Unlike Nixon, Trump Will Not Go Quietly
A Commentary By Patrick J. Buchanan
On Aug. 9, 1974, Richard Nixon bowed to the inevitability of impeachment and conviction by a Democratic Senate and resigned.
The prospect of such an end for Donald Trump has this city drooling. Yet, comparing Russiagate and Watergate, history is not likely to repeat itself.
First, the underlying crime in Watergate, a break-in to wiretap offices of the DNC, had been traced, within 48 hours, to the Committee to Re-Elect the President.
In Russiagate, the underlying crime -- the "collusion" of Trump's campaign with the Kremlin to hack into the emails of the DNC -- has, after 18 months of investigating, still not been established.
Campaign manager Paul Manafort has been indicted, but for financial crimes committed long before he enlisted with Trump.
Gen. Michael Flynn has pled guilty to lying about phone calls he made to Russian Ambassador Sergey Kislyak, but only after Trump had been elected and Flynn had been named national security adviser.
Flynn asked Kislyak for help in blocking or postponing a Security Council resolution denouncing Israel, and to tell Vladimir Putin not to go ballistic over President Obama's expulsion of 35 Russian diplomats.
This is what security advisers do.
Why Flynn let himself be ensnared in a perjury trap, when he had to know his calls were recorded, is puzzling.
Second, it is said Trump obstructed justice when he fired FBI Director James Comey for refusing to cut slack for Flynn.
But even Comey admits Trump acted within his authority.
And Comey had usurped the authority of Justice Department prosecutors when he announced in July 2016 that Hillary Clinton ought not to be prosecuted for having been "extremely careless" in transmitting security secrets over her private email server.
We now know that the first draft of Comey's statement described Clinton as "grossly negligent," the precise statute language for an indictment.
We also now know that helping to edit Comey's first draft to soften its impact was Deputy FBI Director Andrew McCabe. His wife, Jill McCabe, a candidate for state senate in Virginia, received $467,000 in campaign contributions from the PAC of Clinton bundler Terry McAuliffe.
Comey has also admitted he leaked to The New York Times details of a one-on-one with Trump to trigger the naming of a special counsel -- to go after Trump. And that assignment somehow fell to Comey's predecessor, friend, and confidant Robert Mueller.
Mueller swiftly hired half a dozen prosecutorial bulldogs who had been Clinton contributors, and Andrew Weissmann, a Trump hater who had congratulated Acting Attorney General Sally Yates for refusing to carry out Trump's travel ban.
FBI official Peter Strzok had to be been removed from the Mueller probe for hatred of Trump manifest in texts to his FBI lady friend.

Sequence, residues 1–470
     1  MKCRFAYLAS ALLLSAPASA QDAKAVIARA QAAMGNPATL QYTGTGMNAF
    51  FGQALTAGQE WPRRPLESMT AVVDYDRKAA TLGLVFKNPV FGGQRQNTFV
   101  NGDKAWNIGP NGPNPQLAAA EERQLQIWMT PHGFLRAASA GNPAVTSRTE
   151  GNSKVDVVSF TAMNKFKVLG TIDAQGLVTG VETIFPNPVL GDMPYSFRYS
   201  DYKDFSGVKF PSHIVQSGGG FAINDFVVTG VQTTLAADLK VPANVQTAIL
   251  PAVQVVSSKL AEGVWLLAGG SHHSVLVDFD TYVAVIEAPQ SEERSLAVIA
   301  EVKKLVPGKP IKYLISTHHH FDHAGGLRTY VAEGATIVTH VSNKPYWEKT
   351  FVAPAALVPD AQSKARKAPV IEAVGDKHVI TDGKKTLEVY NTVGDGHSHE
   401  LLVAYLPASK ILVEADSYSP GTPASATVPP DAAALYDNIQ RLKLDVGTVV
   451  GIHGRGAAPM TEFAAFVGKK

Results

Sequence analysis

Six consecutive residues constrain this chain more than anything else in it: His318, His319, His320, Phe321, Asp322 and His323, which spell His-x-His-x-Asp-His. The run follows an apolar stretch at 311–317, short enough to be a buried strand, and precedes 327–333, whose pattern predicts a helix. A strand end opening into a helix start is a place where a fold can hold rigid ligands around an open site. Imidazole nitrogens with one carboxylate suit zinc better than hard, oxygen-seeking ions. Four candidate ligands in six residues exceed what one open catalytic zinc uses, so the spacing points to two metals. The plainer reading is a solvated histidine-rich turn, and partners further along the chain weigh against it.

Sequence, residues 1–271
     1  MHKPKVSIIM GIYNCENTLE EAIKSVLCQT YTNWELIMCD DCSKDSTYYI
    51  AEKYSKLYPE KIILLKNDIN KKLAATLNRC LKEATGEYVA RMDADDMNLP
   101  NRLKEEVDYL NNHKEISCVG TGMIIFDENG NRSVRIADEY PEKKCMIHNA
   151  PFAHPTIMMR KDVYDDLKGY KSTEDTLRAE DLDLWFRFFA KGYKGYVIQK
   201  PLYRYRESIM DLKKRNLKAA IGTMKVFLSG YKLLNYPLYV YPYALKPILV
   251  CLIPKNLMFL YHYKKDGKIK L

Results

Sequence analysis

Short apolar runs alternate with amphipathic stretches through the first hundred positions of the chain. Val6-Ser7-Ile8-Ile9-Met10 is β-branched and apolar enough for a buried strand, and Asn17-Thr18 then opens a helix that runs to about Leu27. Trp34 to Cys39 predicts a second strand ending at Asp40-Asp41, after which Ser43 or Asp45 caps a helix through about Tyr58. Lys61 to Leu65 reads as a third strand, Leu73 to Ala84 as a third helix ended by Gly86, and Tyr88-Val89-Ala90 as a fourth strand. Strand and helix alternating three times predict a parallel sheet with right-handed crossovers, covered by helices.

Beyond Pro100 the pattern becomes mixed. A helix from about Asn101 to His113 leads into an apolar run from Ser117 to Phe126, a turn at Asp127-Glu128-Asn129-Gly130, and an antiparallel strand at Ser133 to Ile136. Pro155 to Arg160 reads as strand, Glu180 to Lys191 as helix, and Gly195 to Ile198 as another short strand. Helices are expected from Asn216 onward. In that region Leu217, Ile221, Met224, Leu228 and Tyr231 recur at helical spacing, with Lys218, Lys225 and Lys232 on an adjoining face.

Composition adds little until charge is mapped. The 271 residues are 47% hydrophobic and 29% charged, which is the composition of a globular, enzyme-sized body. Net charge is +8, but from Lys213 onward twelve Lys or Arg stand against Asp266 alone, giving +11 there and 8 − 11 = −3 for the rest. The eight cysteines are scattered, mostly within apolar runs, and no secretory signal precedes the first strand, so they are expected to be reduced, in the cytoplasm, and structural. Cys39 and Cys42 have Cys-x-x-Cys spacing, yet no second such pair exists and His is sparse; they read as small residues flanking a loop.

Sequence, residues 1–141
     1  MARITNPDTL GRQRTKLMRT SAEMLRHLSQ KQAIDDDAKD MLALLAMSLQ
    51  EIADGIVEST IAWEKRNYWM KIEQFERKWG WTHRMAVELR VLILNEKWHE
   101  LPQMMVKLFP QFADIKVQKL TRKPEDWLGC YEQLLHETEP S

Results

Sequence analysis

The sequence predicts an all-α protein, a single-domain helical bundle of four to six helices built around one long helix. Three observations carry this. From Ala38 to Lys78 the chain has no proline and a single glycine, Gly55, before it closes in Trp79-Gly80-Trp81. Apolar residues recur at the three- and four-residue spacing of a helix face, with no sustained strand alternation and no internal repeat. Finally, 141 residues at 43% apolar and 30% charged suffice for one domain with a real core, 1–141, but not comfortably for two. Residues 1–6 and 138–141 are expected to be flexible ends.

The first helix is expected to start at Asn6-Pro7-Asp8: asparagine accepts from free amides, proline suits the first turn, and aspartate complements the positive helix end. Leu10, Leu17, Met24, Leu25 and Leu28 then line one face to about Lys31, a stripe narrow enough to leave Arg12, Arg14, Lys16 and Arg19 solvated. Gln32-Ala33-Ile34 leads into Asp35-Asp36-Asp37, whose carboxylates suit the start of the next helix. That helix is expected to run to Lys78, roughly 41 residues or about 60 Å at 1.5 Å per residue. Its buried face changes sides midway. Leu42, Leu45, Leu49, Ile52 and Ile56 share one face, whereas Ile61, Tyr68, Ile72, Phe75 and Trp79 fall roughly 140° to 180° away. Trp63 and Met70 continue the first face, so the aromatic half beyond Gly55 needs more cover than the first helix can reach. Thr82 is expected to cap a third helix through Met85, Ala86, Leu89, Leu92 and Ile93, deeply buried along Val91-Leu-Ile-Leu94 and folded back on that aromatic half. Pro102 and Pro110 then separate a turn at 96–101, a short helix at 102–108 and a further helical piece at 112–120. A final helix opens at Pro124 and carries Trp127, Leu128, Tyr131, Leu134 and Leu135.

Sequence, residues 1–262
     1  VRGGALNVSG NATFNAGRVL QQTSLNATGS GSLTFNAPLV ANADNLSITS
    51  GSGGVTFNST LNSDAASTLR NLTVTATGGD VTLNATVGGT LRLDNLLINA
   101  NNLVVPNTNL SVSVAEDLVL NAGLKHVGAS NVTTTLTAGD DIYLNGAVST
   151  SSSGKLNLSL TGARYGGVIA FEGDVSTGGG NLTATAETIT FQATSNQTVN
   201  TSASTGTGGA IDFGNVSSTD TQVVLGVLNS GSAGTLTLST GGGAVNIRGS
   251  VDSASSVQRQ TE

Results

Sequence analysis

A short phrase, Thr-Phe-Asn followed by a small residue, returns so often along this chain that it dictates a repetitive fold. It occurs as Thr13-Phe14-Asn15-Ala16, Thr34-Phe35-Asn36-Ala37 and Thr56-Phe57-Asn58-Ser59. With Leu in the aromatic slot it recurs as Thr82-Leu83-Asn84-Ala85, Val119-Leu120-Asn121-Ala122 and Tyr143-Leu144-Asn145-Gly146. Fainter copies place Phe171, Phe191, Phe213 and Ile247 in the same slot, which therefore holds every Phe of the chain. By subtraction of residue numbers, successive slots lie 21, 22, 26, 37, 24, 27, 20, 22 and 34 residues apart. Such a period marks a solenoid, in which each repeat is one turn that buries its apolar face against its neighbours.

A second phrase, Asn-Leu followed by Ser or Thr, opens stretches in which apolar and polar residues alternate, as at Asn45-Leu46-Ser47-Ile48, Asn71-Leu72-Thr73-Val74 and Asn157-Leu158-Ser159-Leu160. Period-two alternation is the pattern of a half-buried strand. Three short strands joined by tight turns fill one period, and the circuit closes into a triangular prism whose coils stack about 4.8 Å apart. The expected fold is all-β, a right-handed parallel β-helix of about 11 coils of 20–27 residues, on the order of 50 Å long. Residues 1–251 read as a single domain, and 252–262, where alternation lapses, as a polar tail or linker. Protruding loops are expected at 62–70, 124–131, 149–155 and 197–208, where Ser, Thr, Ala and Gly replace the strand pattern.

Strzok was also involved in the investigation of Clinton's email server and is said to have been the one who persuaded Comey to tone down his language about her misconduct, and let Hillary walk.
In Mueller's tenure, still no Trump tie to the hacking of the DNC has been found. But a connection between Hillary's campaign and Russian spies -- to find dirt to smear and destroy Trump and his campaign -- has been fairly well established.
By June 2016, the Clinton campaign and DNC had begun shoveling millions of dollars to the Perkins Coie law firm, which had hired the oppo research firm Fusion GPS, to go dirt-diving on Trump.
Fusion contacted ex-British MI6 spy Christopher Steele, who had ties to former KGB and FSB intelligence agents in Russia. They began to feed Steele, who fed Fusion, which fed the U.S. anti-Trump media with the alleged dirty deeds of Trump in Moscow hotels.
While the truth of the dirty dossier has never been established, Comey's FBI rose like a hungry trout on learning of its contents.
There are credible allegations Comey's FBI sought to hire Steele and used the dirt in his dossier to broaden the investigation of Trump -- and that its contents were also used to justify FISA warrants on Trump and his people.
This week, we learned that the Justice Department's Bruce Ohr had contacts with Fusion during the campaign, while his wife actually worked at Fusion investigating Trump. This thing is starting to stink.
Is the Trump investigation the rotten fruit of a poisoned tree?
Is Mueller's Dump Trump team investigating the wrong campaign?
There are other reasons to believe Trump may survive the deep state-media conspiracy to break his presidency, overturn his mandate, and reinstate a discredited establishment.
Trump has Fox News and fighting congressmen behind him and the mainstream media is deeply distrusted and widely detested. And there is no Democratic House to impeach him or Democratic Senate to convict him.
Moreover, Trump is not Nixon, who, like Charles I, accepted his fate and let the executioner's sword fall with dignity.
If Trump goes, one imagines, he will not go quietly.
In the words of the great Jerry Lee Lewis, there's gonna be a "whole lotta shakin' goin' on."
Patrick J. Buchanan is the author of a new book, "Nixon's White House Wars: The Battles That Made and Broke a President and Divided America Forever." To find out more about Patrick Buchanan and read features by other Creators writers and cartoonists, visit the Creators website at www.creators.com.
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